Foundation Stories

Shelley’s Summer Reading Recommendations

written by Shelley O’Brien, Executive Director of the Johnson County Library Foundation

If you are like me, I spend more time in the summer with a good book in hand. Be that at the pool, in my backyard, or on vacation; I’m always reading in the summer. Adults should embrace summer reading just like when we were kids. Maybe we should even celebrate by ordering a pizza for every 5 books you read? Just a thought. So, place a pause on Netflix and check out my summer book recommendations.

Have a terrific summer and enjoy reading!

Fiction – The Women by Kristin Hannah

I believed nothing would be as great as Kristin Hannah’s “The Nightingale”. I just didn’t think she could outdo herself. Then came the book, “The Women”.  Vietnam War story of Frankie who enlists in the Army as a nurse to serve her country and please her father. This is an epic tale of her journey that tells the story of women’s roles in the war – during and after. A book I will never forget.

Non-Fiction – Burn Book: A Tech Love Story by Kara Swisher

My current journalist crush is on Kara Swisher. I regularly listen to her podcast “Pivot” on Vox Media, where she is smart, well-connected, and sassy. On the podcast she trades barbs and banter Scott Galloway (Prof G — NYU) for a humorous take on the daily news through the lens of tech. Swisher has creditability within Silicon Valley to get access and insider scoop. “Burn Book: A Tech Love Story” is part personal memoir, part 2000s-tech memoir. New stories and insights are shared; many funny stories about the tech-bro leaders.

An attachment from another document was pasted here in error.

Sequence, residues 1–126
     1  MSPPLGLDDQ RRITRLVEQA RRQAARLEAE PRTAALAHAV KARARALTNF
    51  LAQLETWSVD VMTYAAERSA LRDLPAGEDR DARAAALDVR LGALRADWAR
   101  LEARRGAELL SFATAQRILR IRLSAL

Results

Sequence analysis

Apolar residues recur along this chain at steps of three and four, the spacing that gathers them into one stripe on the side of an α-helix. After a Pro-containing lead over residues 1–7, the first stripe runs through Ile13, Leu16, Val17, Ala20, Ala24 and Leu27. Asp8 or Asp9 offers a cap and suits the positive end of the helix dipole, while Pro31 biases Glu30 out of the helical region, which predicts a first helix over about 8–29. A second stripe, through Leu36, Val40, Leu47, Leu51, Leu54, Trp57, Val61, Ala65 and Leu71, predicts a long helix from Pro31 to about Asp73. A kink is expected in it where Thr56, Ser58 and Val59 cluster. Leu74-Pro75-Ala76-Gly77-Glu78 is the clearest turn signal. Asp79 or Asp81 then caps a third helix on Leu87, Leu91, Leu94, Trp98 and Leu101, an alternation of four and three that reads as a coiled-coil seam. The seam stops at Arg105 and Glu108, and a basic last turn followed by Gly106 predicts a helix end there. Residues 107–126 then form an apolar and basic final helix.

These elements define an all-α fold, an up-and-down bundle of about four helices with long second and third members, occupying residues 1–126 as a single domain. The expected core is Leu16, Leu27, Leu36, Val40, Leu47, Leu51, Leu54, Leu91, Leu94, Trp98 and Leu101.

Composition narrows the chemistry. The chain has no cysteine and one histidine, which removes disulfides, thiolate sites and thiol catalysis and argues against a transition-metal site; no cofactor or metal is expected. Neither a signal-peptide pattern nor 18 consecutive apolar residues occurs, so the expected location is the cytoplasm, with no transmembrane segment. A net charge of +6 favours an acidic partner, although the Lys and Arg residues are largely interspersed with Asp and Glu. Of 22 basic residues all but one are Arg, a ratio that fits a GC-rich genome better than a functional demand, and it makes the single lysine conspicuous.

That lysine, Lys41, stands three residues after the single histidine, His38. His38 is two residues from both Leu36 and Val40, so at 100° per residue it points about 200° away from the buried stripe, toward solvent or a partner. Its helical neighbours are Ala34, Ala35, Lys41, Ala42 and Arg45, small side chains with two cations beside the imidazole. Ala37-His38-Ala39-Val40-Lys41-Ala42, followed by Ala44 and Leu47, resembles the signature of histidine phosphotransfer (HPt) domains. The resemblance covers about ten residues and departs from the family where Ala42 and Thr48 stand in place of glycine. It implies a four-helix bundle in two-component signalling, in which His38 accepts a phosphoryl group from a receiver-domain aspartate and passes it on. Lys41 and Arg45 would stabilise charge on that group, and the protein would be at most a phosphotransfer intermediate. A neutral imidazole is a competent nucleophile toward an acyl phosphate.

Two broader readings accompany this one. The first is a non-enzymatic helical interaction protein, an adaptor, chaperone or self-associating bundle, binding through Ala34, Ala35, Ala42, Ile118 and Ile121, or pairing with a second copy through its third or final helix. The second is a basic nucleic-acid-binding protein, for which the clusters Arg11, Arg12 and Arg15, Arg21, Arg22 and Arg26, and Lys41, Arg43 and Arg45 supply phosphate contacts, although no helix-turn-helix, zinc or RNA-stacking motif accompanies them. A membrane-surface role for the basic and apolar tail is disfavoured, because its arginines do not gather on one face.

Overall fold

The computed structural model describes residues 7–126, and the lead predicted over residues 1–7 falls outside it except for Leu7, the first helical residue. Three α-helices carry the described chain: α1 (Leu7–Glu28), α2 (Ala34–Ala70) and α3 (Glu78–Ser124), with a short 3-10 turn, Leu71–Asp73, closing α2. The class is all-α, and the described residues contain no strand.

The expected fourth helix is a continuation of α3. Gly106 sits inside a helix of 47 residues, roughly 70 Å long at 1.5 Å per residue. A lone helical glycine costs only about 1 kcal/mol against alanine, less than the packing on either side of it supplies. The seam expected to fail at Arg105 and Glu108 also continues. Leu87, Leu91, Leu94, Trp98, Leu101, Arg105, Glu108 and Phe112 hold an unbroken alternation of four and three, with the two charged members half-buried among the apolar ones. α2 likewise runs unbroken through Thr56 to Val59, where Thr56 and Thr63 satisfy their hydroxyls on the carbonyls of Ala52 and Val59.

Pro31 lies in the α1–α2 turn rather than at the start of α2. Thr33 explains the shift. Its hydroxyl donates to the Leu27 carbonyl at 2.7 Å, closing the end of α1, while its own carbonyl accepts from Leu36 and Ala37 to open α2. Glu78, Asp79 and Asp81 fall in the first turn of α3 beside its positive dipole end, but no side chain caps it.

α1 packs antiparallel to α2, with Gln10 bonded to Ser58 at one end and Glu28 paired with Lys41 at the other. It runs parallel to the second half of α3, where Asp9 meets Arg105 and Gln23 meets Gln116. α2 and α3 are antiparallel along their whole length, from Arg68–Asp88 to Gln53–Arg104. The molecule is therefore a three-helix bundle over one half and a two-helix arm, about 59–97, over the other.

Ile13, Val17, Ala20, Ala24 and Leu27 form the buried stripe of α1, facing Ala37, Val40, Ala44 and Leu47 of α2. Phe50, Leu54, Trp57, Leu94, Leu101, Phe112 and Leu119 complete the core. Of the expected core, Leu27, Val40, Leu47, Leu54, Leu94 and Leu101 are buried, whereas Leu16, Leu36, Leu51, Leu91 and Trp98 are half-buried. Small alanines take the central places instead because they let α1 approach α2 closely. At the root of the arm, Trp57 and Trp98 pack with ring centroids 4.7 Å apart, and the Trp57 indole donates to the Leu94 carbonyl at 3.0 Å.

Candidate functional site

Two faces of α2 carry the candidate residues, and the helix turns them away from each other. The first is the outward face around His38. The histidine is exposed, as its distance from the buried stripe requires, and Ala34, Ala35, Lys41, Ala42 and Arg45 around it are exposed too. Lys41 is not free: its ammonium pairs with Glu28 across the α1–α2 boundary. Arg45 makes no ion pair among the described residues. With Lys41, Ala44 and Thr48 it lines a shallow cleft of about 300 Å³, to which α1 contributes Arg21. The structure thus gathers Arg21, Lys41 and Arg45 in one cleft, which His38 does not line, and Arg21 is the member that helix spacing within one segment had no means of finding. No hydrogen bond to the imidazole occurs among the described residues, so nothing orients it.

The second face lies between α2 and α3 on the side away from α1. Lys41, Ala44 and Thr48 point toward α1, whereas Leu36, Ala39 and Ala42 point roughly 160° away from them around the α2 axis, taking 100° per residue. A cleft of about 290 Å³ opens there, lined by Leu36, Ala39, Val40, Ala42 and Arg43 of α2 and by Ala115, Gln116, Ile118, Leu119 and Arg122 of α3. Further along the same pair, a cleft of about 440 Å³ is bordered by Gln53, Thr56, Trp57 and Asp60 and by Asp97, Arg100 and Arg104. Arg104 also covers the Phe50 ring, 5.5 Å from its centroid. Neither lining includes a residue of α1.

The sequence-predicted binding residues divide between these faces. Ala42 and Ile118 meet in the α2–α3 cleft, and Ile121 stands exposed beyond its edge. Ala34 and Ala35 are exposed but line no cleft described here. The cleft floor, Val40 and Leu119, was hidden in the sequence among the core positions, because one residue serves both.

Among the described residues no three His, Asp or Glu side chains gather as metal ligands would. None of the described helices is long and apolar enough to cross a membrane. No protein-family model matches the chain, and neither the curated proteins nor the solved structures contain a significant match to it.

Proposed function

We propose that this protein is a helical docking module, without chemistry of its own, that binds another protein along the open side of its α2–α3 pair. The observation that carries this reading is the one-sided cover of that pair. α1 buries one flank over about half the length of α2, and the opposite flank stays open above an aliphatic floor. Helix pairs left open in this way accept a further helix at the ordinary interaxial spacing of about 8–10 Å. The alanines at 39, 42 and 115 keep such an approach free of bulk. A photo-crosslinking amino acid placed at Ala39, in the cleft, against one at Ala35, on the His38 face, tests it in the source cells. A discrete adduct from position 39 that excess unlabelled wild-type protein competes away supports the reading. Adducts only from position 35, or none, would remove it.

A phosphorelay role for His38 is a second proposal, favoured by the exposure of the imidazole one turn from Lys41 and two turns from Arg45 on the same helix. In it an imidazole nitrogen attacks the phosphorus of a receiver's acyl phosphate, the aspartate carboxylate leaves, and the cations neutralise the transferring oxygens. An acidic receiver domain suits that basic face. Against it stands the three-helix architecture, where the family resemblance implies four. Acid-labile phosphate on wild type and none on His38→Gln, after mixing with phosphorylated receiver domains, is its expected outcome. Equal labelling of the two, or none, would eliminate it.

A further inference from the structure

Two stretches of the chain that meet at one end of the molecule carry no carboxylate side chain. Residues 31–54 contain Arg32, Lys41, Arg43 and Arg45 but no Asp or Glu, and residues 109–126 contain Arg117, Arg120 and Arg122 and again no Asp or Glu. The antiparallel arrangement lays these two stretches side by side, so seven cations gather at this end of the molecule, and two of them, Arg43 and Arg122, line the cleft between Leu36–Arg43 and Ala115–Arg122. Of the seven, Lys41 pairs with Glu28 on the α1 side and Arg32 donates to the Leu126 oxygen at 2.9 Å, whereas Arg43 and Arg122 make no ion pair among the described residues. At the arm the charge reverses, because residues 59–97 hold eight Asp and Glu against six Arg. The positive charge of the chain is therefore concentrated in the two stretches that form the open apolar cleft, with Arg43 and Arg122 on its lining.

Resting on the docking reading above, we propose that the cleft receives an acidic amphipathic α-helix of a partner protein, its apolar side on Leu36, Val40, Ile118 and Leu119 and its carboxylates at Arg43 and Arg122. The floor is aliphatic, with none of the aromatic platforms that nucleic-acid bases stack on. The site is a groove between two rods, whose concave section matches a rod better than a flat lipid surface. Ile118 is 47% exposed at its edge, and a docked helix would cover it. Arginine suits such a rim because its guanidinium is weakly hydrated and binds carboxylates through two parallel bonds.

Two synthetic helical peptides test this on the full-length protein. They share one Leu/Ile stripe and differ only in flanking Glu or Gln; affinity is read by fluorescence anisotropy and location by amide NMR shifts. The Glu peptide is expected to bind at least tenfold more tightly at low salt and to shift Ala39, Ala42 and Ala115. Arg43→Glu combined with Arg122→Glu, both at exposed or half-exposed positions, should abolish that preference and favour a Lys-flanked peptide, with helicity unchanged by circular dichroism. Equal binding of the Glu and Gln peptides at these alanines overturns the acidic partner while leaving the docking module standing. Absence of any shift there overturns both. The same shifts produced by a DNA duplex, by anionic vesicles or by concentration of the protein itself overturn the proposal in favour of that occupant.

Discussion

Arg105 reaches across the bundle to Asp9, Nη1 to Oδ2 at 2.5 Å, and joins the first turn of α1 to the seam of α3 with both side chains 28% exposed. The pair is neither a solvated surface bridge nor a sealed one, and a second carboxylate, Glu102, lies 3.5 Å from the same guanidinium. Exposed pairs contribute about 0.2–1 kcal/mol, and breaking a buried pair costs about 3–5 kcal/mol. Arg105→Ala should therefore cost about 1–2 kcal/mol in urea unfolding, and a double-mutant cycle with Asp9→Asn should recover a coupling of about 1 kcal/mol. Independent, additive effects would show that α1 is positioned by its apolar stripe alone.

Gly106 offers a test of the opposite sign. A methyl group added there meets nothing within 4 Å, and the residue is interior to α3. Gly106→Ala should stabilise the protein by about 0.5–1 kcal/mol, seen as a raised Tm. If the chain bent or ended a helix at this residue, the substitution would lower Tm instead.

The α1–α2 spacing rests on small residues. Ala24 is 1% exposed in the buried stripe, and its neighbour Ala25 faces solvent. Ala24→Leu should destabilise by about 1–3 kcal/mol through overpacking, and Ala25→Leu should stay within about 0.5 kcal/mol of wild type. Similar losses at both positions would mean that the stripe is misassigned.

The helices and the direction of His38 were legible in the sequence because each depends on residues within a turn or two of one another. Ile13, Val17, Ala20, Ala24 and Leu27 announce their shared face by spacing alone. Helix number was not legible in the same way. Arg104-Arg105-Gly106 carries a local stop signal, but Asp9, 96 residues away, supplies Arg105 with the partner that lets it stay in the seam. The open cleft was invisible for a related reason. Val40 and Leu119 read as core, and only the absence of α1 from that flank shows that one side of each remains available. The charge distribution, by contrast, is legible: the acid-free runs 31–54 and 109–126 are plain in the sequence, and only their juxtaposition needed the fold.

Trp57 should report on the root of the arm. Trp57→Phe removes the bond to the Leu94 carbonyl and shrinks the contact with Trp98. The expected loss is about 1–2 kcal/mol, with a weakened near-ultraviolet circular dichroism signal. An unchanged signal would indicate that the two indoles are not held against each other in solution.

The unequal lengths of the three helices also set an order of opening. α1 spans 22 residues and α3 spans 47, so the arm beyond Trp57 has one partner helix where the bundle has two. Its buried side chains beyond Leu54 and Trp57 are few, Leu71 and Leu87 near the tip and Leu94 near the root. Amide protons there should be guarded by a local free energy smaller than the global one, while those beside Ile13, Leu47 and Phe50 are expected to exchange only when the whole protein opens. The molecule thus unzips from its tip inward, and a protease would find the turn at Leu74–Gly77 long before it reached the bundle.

Fiction – Capote’s Women: A True Story of Love, Betrayal, and a Swan Song for an Era by Laurence Learner

If you have not watched FX’s “Capote vs. The Swans” as part of the Ryan Murphy FEUD series, get to Hulu immediately. This show is captivating, and the casting is magnificent. There is only one thing better than the show – the book “Capote’s Women” by Laurence Learner. Many more stories and unique characters from Capote’s world in Manhattan.

After Breakfast at Tiffany’s and In Cold Blood, Capote had writer’s block and an amazing social life with the rich and famous of New York. Relationships were damaged when he disclosed their personal secrets as thinly veiled fiction.

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